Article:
Anyway, so the first thing you see when you get to the archaeological site is, perhaps appropriately, the walls of Troy VI, and thus the walls that defended the Trojans from those pesky Achaeans. There are very few structures remaining at Troy, and it's arguably the most notable:
Then, up and around the bend, you come to the site of Athena's Temple, where there's absolutely nothing left but a few bits of masonry on the ground. But some of the carvings were fun -- we thought one looked like Yoda, another like Lego blocks.
The short version of Troy's history as an archaeological site is that for a long time, most people believed that The Odyssey and The Iliad were not true stories but legends and so didn't think that Troy existed. But in the 1800s (and the late 1700s, for that matter), all things ancient Greek and Roman were in vogue in Western Europe, and so there were some who went in search of Troy anyway, notably German businessman Herman Schliemann, who began working at the site in 1871.
But Schliemann's methods were roughshod and apparently he was more interested in finding notable artifacts than properly excavating the site. He believed that Homer's Troy was the bottom level of the site and so carelessly dug through the other layers -- the first area he worked in was this 40-meter-wide trench, now called Schliemann's Trench, which ended up exposing a city wall of Troy I, from the Early Bronze Age, plus the foundation of several houses from that period. To be honest, I'm not sure which is which in the photo:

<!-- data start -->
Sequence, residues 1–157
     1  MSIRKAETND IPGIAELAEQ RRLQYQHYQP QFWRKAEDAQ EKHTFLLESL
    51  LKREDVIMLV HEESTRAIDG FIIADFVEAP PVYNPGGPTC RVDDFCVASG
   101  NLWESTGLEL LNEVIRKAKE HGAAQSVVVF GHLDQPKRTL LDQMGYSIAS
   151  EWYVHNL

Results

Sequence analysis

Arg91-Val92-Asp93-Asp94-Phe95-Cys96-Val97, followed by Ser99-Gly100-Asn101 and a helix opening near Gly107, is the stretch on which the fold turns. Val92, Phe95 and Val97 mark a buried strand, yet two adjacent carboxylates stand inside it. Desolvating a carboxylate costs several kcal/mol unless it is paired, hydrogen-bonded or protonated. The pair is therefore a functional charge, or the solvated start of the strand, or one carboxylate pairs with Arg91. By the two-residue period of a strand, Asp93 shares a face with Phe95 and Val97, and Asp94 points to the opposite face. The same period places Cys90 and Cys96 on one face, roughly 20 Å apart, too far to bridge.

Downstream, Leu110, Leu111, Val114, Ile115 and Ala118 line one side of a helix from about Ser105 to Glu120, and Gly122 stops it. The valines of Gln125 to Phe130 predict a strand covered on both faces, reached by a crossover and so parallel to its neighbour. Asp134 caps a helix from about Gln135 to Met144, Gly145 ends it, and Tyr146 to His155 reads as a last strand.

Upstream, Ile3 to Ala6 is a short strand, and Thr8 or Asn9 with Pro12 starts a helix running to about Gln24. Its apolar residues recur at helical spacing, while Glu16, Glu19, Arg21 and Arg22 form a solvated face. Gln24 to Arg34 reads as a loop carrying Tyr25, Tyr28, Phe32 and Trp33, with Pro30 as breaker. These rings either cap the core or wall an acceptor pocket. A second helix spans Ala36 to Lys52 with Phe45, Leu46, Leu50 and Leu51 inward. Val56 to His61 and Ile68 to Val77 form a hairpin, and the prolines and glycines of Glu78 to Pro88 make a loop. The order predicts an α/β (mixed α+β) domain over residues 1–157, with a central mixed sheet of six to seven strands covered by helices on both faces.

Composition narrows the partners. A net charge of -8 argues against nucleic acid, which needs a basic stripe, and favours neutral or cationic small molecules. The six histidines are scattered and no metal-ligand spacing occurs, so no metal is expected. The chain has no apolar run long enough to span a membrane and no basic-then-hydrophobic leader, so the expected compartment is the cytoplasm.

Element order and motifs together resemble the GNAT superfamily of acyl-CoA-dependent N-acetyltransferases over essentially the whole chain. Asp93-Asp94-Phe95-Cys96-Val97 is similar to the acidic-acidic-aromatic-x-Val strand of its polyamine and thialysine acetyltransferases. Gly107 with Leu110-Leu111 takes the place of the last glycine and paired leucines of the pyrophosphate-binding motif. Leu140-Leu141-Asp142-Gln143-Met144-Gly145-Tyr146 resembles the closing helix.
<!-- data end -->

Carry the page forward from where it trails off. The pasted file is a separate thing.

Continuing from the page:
Nearby, Schliemann also found a hoard of gold artifacts (later named Priam's Treasure), and because he found them in a burnt layer next to an impressively large ramp, he believed that he had found Homer's Troy and the famous Scaean Gate. However, it was later established by other archaeologists that these bits belonged to Troy II. According to the guidebook, the treasure was found at the site of the small tree on the left; the ramp is coming up from the right, and the gates would have been at the top. There's a cool 3-D reconstruction comparing the gate from then to now at this University of Cincinnati/University of Tubingen website dedicated to Troy.
There's also a small amphitheater from Troy IX, but probably our biggest highlight after Schliemann's area was meeting one of the local residents:
Probably my biggest disappointment with Troy was that, while the signs mentioned that Schliemann's ramp was NOT the Scaean Gate, nothing ever talked about where it might have been. It's arguably the most recognizable bit of Homer's Troy -- Priam and the other elders of the city watch the battle from there, Priam and Helen bond there, Hector tells Achilles he is fated to die there -- so I decided to make my own guess. The last thing you see as you walk around the archaeological site is the pathway that would have led to Troy VI, which the guidebook says "must have been the main gate in this period." Sounds like the Scaean Gate to me. :)
The last thing you really see is -- or the first thing, depending on how you go about it -- is the wooden Trojan horse, built in 1975 by Izzet Senemoglu. While I preferred to style of Canakkale's horse, this one was much more climbable!